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4th November 2023 - Members’ displays

We held our re-arranged November meeting on the first Saturday rather than our usual second Saturday as we didn’t want to clash with the expected high attendance for the Remembrance weekend.  Prior to our meetings a small number of us meet in the reception area of the UJC before to going over the road to the Auberge for lunch.  However, on this day we noticed a large number of people in naval uniforms who appeared to be gathering for a special reason and I made an enquiry as to what it was and was informed that they were submariners and were there for a Remembrance ceremony.  It was only on 11th November that I read an article in a newspaper which explained why submariners held their own Remembrance service a week before the national Remembrance Day.  It stated that submariners were banned from the first Armistice Day parade in Whitehall by a bossy admiral on the grounds that they were pirates who targeted civilians.  In response they adopted skull-and-crossbones badges and arranged their own celebrations on the Embankment in London and in Blyth and Dundee, a week before the official ones.  The tradition survives more than a century later.

 

We had our best turn out in several months with 13 members present of whom 8 showed a varied range of material which covered both world wars and the post-war era.  As usual Peter High provided us with a rich variety of biscuits, particularly if you like chocolate, and Lorraine Maguire who was celebrating her birthday the following week provided us with some chocolate sweets including Guinness Chocolate Truffles!  However, that’s enough for the sweet tooth, now back to the displays!

 

But before the displays we had two presentations to make: on 3rd February 2018 Alan Baker won the John Daynes Plate (15-sheet competition) but due to covid we were unable to present him with a signed certificate and it was forgotten about after the covid restrictions were relaxed, until recently so we took advantage of this meeting for our then President, Richard Berry, to present him with it.  Then it was the turn of our current President, Robin Davis, to present Tiegan Berry with her certificate after winning the President’s Cup Competition (9-sheet) the previous month.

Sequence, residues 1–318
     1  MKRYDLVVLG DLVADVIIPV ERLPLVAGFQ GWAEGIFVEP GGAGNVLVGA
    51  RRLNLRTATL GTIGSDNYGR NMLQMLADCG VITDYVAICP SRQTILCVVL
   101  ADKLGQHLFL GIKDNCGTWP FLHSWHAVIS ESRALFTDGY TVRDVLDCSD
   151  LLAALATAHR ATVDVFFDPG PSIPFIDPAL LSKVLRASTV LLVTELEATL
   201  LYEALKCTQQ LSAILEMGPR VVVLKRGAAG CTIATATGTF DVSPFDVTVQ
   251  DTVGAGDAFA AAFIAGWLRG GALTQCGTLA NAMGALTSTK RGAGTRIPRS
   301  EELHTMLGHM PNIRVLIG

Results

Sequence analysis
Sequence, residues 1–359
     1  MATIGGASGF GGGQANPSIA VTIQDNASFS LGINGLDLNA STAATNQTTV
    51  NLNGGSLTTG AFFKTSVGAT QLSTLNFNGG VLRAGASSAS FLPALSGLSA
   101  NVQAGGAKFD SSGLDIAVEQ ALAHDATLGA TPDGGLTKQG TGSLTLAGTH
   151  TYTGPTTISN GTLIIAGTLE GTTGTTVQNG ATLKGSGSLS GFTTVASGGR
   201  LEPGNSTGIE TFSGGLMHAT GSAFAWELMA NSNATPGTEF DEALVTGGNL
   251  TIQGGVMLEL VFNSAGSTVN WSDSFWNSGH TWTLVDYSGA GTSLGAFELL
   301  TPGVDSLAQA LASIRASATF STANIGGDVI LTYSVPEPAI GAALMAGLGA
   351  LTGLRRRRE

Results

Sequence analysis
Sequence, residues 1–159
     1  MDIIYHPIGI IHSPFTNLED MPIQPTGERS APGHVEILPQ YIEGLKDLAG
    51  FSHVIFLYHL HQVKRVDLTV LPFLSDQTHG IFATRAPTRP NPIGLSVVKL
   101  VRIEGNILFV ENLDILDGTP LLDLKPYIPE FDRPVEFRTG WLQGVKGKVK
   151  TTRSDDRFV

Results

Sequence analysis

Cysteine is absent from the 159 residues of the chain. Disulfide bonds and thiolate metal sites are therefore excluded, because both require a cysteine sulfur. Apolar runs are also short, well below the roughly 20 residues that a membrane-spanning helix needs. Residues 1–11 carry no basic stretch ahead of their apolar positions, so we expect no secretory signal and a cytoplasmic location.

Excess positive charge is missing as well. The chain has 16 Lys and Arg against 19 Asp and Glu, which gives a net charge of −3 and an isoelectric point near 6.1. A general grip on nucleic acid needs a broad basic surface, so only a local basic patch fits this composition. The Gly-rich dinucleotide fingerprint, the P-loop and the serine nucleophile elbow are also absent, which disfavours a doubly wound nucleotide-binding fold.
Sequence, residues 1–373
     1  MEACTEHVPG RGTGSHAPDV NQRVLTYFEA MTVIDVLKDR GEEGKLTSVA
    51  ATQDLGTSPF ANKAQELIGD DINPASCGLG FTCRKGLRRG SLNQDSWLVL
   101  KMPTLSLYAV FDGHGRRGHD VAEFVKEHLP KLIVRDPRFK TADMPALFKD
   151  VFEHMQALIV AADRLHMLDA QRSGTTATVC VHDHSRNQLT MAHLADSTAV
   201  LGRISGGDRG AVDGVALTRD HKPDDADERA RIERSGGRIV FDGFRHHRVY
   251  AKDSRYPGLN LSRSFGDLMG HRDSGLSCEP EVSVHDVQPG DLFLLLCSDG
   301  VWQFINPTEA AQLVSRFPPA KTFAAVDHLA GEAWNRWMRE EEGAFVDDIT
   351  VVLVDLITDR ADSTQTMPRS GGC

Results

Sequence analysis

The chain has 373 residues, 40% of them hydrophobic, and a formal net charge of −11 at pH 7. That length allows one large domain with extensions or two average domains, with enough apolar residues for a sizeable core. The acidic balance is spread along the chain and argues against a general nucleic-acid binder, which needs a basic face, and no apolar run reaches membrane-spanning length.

Photo of Presentation
Immediate Past President, Richard Berry, presenting Alan Baker (left) with his 2018 John Daynes Plate certificate
Photo of Presentation
President, Robin Davis, to present Tiegan Berry with her certificate for winning the President’s Cup Competition at our October meeting.





















After a congenial lunch at the French ‘Auberge’ restaurant across the road from the UJC, Peter High began the afternoon’s display by offering just one item. This was a picture postcard of the port of La Spezia, Italy, written in 1946. With it he had a story.  He explained that, following the cessation of hostilities in Europe and Asia, one of the many problems that remained was the establishment of a permanent homeland for the Jewish people. At that time Great Britain ruled Palestine under what was known as the British Mandate. Many thousands of displaced Jews from Europe wanted to settle in Palestine but were prevented from doing so by force of arms. In the spring of 1946, 1,014 Jewish displaced persons were transported by the Zionist underground to the abandoned port of La Spezia to sail to Palestine aboard the immigrant ship ‘Fede’.  One day before its scheduled departure British authorities learned of the illegal transport and took steps to block its departure. Following worldwide attention to the crisis, and a hunger strike, just over a month later, the British relented and the ‘Fede’, renamed ‘Dov Hos’ sailed for Haifa.  The picture postcard was written and posted on board ‘Fede’, 7 May 1946, the day before sailing. On the card was a large cachet reading “REPATRIATION SHIP ‘FEDE’ … ‘DOV HOS’” The incident became known as ‘The La Spezia Affair’.  He also showed a range of photographs showing Jewish displaced persons who lived at the port whilst waiting to board vessels for Palestine.

 

Simon McArthur gave a display on the Deutsche Dienspost Niederlande (DPP) which was established in occupied Holland after the German invasion in May 1940. For reasons of security it was necessary to have a postal service independent of the Dutch postal system. The service carried mail between military units, workers in German Reich administrative offices and Nazi party organisations. This included mail going to Germany and other countries. Additionally the service carried Feldpost mail. A number of DDP offices of varying size were set up throughout the country to receive mail. Recipients had to collect the mail from the nearest office. Mute cancels were used with code letters to designate the receiving DDP office.



Cover
Deutsche Dienspost Niederlande (DPP)

Cover
Deutsche Dienspost Niederlande (DPP)

 












German civilians and companies based in Holland using the service had to pay postage at German domestic postal rates using German stamps. All administrative and commercial mail had to display a diagonal blue cross and the notation of the DPP. Mail to Dutch civil servants from German offices in Holland was sent under a system known as Domestic Dienspost and was sent through the Dutch postal system receiving regular domestic cancels. They were either free of charge or franked with German stamps, depending on the nature of the letter. DDP mail was carried on the Dutch road network or on the railways with German trains utilised where necessary.